If you read my recent review of the Dotcom-Monitor Website Speed Test, then you would’ve remembered that I mentioned about Google’s passion for page speed. This passion or obsession with page speed continues with Google introducing their latest project called Accelerated Mobile Pages which was announced on their official blog earlier today.
Here’s the introductory post on Accelerated Mobile Pages as published on the official Google blog:
Smartphones and tablets have revolutionized the way we access information, and today people consume a tremendous amount of news on their phones. Publishers around the world use the mobile web to reach these readers, but the experience can often leave a lot to be desired. Every time a webpage takes too long to load, they lose a reader–and the opportunity to earn revenue through advertising or subscriptions. That’s because advertisers on these websites have a hard time getting consumers to pay attention to their ads when the pages load so slowly that people abandon them entirely.
Today, after discussions with publishers and technology companies around the world, we’re announcing a new open source initiative called Accelerated Mobile Pages, which aims to dramatically improve the performance of the mobile web. We want webpages with rich content like video, animations and graphics to work alongside smart ads, and to load instantaneously. We also want the same code to work across multiple platforms and devices so that content can appear everywhere in an instant–no matter what type of phone, tablet or mobile device you’re using.
The project relies on AMP HTML, a new open framework built entirely out of existing web technologies, which allows websites to build light-weight webpages.
So how does Accelerated Mobile Pages work? Here’s what the answer from the FAQ page:
Accelerated Mobile Pages are just like any other HTML page, but with a limited set of allowed technical functionality that is defined and governed by the open source AMP spec. Just like all web pages, Accelerated Mobile Pages will load in any modern browser or app webview. AMP files take advantage of various technical and architectural approaches that prioritize speed to provide a faster experience for users. The goal is not to homogenize how content looks and feels, but instead to build a more common technical core between pages that speeds up load times.
In addition, AMP files can be cached in the cloud in order to reduce the time content takes to get a user’s mobile device. Under this type of framework, publishers continue to control their content, but platforms can easily cache or mirror the content for optimal delivery speed users. Google has stated that it will provide a cache that can be used by anyone at no cost, though the cache (Google’s or otherwise) is not required. Other companies may build their own cache as well.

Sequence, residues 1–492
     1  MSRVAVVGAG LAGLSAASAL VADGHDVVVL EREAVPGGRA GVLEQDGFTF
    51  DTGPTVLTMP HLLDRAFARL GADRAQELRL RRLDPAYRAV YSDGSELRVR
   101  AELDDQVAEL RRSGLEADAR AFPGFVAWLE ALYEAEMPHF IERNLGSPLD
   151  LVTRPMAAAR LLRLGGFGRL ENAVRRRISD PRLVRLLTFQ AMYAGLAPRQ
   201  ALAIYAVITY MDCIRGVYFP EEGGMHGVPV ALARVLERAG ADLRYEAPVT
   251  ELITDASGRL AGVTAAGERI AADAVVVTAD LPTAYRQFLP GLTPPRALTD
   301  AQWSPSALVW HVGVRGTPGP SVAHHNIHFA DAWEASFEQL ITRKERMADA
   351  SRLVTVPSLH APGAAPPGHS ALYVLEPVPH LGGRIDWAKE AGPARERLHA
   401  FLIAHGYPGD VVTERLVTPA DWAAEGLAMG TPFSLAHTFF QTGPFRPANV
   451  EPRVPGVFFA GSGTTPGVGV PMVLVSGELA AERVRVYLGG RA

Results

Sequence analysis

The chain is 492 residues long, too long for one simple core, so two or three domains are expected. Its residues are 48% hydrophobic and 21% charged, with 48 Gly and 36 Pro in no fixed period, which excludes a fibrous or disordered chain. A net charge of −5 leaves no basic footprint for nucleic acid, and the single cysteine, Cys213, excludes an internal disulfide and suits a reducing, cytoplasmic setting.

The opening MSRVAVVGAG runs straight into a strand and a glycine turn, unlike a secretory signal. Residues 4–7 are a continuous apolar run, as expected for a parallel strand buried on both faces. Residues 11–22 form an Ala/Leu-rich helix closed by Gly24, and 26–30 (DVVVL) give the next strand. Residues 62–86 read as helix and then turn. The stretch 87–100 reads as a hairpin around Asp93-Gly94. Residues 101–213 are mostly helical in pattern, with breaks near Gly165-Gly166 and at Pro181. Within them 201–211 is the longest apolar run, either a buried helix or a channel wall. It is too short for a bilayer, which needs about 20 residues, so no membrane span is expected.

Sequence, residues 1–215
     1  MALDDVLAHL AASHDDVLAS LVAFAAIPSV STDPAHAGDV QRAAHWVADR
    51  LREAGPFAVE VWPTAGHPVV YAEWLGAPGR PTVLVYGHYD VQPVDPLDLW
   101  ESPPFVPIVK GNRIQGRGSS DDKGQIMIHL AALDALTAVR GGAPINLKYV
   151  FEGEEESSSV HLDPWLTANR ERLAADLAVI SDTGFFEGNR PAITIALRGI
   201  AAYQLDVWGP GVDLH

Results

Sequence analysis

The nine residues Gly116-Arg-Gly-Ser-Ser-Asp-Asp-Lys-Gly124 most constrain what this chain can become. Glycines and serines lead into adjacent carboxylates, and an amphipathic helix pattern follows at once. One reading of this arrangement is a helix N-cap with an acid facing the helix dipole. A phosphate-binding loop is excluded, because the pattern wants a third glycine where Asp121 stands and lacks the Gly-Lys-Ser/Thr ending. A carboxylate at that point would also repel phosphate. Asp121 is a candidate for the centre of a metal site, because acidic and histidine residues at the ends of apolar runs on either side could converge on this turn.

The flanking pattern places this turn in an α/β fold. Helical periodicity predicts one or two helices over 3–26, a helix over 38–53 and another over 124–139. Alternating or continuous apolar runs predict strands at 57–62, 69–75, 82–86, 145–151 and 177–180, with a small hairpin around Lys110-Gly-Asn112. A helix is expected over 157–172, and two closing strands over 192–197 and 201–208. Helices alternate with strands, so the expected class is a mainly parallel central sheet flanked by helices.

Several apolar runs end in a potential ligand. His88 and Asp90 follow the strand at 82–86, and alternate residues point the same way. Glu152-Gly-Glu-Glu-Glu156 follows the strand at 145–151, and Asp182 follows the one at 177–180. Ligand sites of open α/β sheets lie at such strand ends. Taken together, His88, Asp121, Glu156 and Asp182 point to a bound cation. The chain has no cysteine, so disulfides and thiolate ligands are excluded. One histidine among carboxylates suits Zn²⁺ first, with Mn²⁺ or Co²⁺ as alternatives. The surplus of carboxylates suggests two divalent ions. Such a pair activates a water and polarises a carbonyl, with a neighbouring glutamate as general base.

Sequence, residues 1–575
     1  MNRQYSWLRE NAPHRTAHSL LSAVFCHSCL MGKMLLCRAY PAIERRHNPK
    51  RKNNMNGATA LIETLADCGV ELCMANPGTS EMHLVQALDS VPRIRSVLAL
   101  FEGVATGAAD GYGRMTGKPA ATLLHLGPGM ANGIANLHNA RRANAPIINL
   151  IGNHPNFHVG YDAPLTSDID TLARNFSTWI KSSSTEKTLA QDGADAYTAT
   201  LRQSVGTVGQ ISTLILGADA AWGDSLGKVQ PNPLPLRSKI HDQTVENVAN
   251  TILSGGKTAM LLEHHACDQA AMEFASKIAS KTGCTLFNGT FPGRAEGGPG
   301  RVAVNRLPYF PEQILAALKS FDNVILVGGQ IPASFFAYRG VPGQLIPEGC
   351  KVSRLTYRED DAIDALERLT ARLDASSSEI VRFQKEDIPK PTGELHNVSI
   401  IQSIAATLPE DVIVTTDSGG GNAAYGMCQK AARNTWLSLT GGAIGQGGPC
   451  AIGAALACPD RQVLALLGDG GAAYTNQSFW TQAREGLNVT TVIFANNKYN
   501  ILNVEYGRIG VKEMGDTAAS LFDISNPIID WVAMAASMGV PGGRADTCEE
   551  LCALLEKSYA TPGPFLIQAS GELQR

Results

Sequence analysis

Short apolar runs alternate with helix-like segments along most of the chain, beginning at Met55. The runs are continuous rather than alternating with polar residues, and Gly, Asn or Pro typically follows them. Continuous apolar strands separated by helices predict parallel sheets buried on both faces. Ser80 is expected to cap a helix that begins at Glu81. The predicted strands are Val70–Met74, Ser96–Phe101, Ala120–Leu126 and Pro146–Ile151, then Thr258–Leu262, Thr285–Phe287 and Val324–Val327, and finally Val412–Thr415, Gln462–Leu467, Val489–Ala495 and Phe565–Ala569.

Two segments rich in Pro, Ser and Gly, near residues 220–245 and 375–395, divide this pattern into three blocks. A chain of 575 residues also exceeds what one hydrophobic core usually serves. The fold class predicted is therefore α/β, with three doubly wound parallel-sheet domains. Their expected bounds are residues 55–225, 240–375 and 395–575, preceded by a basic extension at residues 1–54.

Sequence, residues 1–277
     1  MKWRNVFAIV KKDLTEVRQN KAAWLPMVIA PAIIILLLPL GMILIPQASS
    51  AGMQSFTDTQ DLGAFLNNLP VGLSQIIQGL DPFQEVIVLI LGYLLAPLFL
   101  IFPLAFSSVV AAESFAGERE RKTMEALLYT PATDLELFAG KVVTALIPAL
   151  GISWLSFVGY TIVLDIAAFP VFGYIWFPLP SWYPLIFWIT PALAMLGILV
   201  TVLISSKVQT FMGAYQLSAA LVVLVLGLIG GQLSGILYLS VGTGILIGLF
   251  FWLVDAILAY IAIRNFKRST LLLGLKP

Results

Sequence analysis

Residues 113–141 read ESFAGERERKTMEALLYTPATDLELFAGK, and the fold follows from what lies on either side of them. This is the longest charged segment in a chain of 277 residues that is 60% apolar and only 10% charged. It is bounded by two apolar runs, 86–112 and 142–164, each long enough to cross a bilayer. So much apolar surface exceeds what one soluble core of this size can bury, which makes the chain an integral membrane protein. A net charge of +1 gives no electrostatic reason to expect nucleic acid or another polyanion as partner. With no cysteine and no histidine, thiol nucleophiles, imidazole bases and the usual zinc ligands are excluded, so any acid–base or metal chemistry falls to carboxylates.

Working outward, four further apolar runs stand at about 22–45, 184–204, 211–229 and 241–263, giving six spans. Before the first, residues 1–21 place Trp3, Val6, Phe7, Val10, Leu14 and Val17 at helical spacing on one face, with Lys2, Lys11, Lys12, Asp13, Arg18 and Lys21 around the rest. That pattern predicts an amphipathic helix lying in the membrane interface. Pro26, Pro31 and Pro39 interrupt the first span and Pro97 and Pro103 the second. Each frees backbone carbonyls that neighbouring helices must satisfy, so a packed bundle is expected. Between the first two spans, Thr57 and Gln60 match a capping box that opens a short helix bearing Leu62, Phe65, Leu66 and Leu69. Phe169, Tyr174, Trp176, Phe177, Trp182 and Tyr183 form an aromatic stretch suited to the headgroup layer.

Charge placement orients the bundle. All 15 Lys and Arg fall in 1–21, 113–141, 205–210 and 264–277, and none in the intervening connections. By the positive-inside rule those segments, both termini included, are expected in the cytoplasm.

In summary, the goal is that that the combination of limited technical functionality with a distribution system built around caching will lead to better performing pages, and increased audience development for publishers.
To learn more about Accelerated Mobile Pages, check out the FAQ page.
In the coming months, Google will be working further with folks participating in this project in order to build more features as well as create more functionality with focus on these particular key areas: Content, Distribution and Advertising.
Over time, other Google products like Google News will also integrate AMP HTML pages. Below is the list of publishers and technology companies who are taking part in this project with the purpose of making mobile web better and faster.
These are just the initial partners that have enlisted in time for the launching of AMP (Accelerated Mobile Pages). I’m pretty sure many other publishers and tech companies will follow suit in the coming days.
It’s good to know that Automattic is joining this movement and have already begun development on a plugin that supports the AMP specification. This will allow WordPress.com users to create and produce AMP-formatted content without having to lift a finger except to click on the publish button. It’s still in the early stages of development but it’s already up and running on WordPress.com.
I’m looking forward to having this plugin as well as this feature adapted/implemented into self-hosted WordPress blogs and websites. It will enable us users to not only provide a better user experience to our readers but it will also help improve the overall quality of the mobile pages in terms of speed and usability.
The more people share and work on this project the better it will be. Interested parties could join in and contribute to this project as well as provide feedback with the development team via GitHub.